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Thread: Small War in Mexico: 2002-2015 (closed)

  1. #181
    Council Member AdamG's Avatar
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    At least 13 people were killed Saturday, some of them beheaded, around the popular beach resort of Acapulco, just as foreign visitors have begun arriving for spring break.
    http://www.latimes.com/news/nation-a...,5589087.story

    CIUDAD JUAREZ, Mexico (Reuters) – Gunmen in the drug war-plagued Mexican city of Ciudad Juarez killed two Americans and a Mexican linked to the local U.S. consulate, an attack U.S. President Barack Obama said "outraged" him.
    http://news.yahoo.com/s/nm/20100314/...mexico_murders
    A scrimmage in a Border Station
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  2. #182
    Council Member AdamG's Avatar
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    Dozens of gunmen mounted rare and apparently co-ordinated attacks targeting two army garrisons in northern Mexico, sparking off gunfights that killed 18 attackers.
    http://www.telegraph.co.uk/news/worl...escalates.html

    Juarez, Mexico (AHN) - Mexican Army soldiers started returning to their barracks Thursday in the border town of Ciudad Juarez as they turned most of their duties of fighting drug gangs over to the federal police. Instead, the Army will be assigned to monitor access to the city, international crossings and airports.

    http://www.allheadlinenews.com/artic...#ixzz0jtV1mE1i

    Mexico military faces political risks over drug war
    As the death toll keeps climbing in Calderon's crackdown on the drug trade, there is a growing feeling that the army has been less than effective as a police force.
    http://articles.latimes.com/2010/mar...my23-2010mar23
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  3. #183
    Council Member AdamG's Avatar
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    Mexico drug gangs turn weapons on army

    In northern states this week, gunmen fought troops and sought to confine some to their bases by cutting off access and blocking roads. The aggression shows they are not afraid to challenge the army.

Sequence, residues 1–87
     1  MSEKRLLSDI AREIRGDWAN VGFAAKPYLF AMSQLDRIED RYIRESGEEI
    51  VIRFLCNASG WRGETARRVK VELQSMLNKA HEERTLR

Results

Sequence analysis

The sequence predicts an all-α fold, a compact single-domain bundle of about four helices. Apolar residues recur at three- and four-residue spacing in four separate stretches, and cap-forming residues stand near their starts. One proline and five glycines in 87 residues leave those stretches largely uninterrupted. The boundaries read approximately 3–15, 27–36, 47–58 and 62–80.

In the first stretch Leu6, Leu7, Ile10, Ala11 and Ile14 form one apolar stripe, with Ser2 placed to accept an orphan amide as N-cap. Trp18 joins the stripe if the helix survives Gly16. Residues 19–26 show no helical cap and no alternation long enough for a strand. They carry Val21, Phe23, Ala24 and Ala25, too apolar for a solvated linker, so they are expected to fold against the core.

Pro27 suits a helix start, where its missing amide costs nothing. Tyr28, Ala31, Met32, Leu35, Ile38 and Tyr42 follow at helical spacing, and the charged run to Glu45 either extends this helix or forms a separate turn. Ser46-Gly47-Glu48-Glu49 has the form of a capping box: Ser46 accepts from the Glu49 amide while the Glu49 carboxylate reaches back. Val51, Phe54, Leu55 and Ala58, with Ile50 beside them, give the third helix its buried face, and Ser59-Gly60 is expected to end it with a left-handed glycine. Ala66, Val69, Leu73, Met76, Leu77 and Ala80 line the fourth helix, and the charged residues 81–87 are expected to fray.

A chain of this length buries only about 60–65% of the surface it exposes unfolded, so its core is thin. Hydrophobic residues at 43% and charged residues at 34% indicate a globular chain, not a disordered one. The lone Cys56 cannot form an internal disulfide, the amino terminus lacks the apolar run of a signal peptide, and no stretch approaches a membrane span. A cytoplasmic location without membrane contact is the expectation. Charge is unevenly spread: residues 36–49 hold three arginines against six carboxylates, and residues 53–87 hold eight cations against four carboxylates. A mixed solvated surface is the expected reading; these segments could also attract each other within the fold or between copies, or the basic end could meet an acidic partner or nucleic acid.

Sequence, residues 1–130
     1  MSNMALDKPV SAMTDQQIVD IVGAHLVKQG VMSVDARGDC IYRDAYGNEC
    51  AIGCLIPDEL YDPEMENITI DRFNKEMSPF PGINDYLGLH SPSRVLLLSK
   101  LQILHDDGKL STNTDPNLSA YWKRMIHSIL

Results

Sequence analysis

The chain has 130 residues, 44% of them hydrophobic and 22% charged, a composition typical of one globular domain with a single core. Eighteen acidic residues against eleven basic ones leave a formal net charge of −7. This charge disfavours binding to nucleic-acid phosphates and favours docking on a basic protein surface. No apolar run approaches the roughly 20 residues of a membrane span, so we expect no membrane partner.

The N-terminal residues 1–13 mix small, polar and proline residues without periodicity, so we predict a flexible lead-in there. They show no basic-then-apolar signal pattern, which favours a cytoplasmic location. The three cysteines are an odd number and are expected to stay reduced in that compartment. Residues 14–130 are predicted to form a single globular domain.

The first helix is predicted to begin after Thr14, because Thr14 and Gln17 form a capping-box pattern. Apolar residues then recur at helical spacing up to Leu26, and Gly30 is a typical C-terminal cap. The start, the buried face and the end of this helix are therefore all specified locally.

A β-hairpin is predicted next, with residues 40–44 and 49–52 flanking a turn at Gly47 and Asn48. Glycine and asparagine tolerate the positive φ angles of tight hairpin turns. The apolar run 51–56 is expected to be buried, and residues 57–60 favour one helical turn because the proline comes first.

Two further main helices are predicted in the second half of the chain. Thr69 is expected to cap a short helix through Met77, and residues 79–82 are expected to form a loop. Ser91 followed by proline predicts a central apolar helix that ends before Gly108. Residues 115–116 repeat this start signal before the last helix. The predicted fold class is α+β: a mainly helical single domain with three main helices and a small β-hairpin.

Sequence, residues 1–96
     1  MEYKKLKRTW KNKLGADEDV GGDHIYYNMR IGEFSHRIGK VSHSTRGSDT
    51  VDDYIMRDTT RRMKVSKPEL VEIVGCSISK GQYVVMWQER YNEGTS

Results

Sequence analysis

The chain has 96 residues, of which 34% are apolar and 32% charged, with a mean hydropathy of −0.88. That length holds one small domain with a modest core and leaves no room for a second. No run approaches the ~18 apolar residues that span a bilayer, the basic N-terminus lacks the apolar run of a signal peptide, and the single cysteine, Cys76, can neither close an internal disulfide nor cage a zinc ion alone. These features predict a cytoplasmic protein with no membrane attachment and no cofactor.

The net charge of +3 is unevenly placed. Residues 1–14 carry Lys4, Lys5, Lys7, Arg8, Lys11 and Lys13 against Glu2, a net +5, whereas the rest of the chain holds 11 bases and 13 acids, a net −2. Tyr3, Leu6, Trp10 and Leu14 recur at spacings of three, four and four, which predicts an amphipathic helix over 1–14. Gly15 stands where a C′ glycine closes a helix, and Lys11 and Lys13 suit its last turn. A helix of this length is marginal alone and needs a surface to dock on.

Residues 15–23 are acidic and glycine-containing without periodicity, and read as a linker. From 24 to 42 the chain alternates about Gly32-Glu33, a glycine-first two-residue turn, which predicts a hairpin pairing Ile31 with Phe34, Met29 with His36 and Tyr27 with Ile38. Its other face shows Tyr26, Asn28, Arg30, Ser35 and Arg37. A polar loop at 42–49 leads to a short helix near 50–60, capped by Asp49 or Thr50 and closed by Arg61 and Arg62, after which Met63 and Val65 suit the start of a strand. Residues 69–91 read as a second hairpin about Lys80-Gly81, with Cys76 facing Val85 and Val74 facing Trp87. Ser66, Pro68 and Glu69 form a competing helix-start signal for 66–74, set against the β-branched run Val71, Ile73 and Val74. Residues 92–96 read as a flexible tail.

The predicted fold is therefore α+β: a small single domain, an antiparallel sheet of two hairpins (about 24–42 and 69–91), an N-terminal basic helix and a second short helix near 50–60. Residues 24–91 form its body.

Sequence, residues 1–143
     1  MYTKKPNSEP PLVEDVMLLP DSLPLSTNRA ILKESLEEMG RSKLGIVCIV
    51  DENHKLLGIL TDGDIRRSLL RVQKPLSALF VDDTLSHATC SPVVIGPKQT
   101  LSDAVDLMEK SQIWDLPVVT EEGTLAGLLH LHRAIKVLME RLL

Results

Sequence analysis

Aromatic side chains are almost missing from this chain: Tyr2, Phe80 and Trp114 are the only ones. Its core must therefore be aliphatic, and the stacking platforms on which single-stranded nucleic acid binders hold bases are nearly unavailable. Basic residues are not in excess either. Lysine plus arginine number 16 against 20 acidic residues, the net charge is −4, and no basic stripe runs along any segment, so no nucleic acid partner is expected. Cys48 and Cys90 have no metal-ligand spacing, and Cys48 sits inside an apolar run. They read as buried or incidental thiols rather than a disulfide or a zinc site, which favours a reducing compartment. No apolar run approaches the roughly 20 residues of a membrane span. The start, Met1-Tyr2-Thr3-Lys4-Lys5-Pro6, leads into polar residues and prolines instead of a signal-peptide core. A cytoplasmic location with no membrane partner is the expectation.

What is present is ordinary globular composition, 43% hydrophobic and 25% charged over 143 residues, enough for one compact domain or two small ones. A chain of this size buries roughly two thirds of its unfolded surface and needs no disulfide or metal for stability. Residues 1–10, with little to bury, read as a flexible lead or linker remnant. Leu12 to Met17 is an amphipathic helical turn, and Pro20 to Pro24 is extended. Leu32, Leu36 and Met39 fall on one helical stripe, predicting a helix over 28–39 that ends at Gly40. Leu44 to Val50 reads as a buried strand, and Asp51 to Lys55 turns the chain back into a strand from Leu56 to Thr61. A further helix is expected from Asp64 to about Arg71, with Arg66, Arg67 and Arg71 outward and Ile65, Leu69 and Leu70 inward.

http://www.latimes.com/news/nationwo...,5886596.story

    At what point does a fight officially transition from "bandit gang" to "rebel army"?
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  4. #184
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    Default As to this question ...

    from AdamG
    At what point does a fight officially transition from "bandit gang" to "rebel army"?
    when the incumbant government officially pronounces that it is involved in an internal armed conflict subject to Common Article 3 of the 1949 GCs, etc. - e.g., by enacting an "AUMF".

    Before that, the incumbant government is likely to have begun a transition by changing the rules of engagement (less law enforcement oriented, more wartime oriented) and its legal rules (state of emergency, etc.).

    Of course, the public relations people may still talk in terms of "bandits" - e.g., the ChiComs as they mopped up some one million ChiNat troops in 1949-1950. And, transition from a law enforcement to wartime approach can take time - e.g., US Civil War from 1861-1863 (adoption of Lieber Code).

    Regards

    Mike

  5. #185
    Council Member AdamG's Avatar